Next Generation Science Standards and the Montessori Teacher.


Will NGSS standards change the way we view and present science in the Montessori classroom?

by Jose Lucas


As we move into yet another set of science standards, many Montessori teachers, particularly those in Public and Charter Montessori programs, once again find themselves puzzled, and frustrated, at the idea, that they might have to bend backwards once again, to accommodate yet another set of standards.


The NGSS (Next Generation Science Standards) emphasize the significance of having a deep understanding of science concepts while students engage in scientific thinking, as well as the incorporation of skills and practices across the content areas. For experienced teachers, this means that they need to have deep knowledge and understanding of scientific concepts. New teachers, need to come into the Montessori classroom with the knowledge that they need to incorporate a more thorough study of science.


Montessori teachers, and particularly, elementary teachers are trained to be generalists. As a result, they do not often major in science and usually find themselves lacking the necessary experience to present science and scientific practices with sufficient depth and breadth, and therefore are caught feeling intimidated by the idea of having to present science matters. Their gut reaction is to turn for help to something they feel comfortable with such as 3 part card nomenclature, or workbooks. Unfortunately, nomenclature alone will not help you meet and implement the NGSS!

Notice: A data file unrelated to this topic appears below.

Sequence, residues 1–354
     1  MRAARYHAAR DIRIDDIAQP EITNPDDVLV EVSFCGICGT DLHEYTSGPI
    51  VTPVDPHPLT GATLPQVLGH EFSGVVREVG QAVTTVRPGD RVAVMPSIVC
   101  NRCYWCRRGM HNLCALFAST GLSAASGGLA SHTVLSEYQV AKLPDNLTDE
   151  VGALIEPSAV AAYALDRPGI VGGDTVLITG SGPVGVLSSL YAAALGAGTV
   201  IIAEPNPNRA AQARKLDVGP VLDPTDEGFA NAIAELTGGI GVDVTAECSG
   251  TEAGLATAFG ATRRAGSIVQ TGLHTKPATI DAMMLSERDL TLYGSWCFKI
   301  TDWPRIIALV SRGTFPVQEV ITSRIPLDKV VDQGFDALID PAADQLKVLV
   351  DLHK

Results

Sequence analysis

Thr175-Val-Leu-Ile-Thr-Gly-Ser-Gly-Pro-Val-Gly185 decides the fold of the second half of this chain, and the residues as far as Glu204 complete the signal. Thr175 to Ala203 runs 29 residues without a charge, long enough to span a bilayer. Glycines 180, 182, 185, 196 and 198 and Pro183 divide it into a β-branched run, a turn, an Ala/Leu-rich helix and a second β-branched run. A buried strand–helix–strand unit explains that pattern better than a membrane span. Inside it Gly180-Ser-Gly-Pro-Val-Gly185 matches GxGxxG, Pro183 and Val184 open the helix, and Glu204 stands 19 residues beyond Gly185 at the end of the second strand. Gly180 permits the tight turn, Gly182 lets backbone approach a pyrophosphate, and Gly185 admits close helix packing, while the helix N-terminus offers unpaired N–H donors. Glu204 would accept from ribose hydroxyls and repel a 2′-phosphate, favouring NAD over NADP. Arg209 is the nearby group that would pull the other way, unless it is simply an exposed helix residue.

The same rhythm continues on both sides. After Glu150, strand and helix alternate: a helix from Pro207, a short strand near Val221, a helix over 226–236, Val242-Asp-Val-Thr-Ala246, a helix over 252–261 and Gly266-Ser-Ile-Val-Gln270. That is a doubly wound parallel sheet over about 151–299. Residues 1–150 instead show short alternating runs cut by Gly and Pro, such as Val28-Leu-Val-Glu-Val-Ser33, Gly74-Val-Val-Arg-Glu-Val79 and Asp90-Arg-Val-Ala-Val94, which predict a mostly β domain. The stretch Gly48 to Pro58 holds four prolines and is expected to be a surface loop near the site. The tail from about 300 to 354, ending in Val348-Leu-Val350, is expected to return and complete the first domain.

The second issue, often facing Montessorians, is the fact that there is not enough inquiry-based curriculum out there. Traditionally, Montessori teachers were asked to either create their own materials, or find materials and adjust them to fit the Montessori philosophy and practice. This is not only time consuming but adds to the stress level of many elementary teachers who are already feeling anxious about applying the standards. The majority of Montessori publishers who claim to be NGSS-aligned, rely on materials that are disproportionally balanced favoring reading and writing about science rather than actually performing science.


It is critical that when looking for science materials you look for a curriculum that helps students understand and master solving real-world problems. Students need to gain a different perspective of how things work, while incorporating math, literature, and cultural perspectives. Science needs to be alive and relevant. Look for curriculum that spans a three-year cycle. Curriculum that is expertly designed to draw on a teacher's experience and knowledge while at the same time offering them the tools to do their work with an in-depth approach. There is a lot of flashy frenzy that dominates Montessori conferences. Teachers, guides, or directors, clamor around the familiar 3 part cards with objects sets. Vendors, have discovered that to piecemeal solutions is far more profitable than to offer a complete and well rounded approach to a concept. You can purchase the life cycle of a ladybug as a standalone item or you can purchase the life cycle curriculum which offers a complete approach to how nature functions. You can look at simple machines as a 3 part nomenclature set or you can look at how simple machines function and your students get to work with them through experiments, while looking at the bigger picture of how these simple machines work in relation to electricity, energy, or magnetism and light.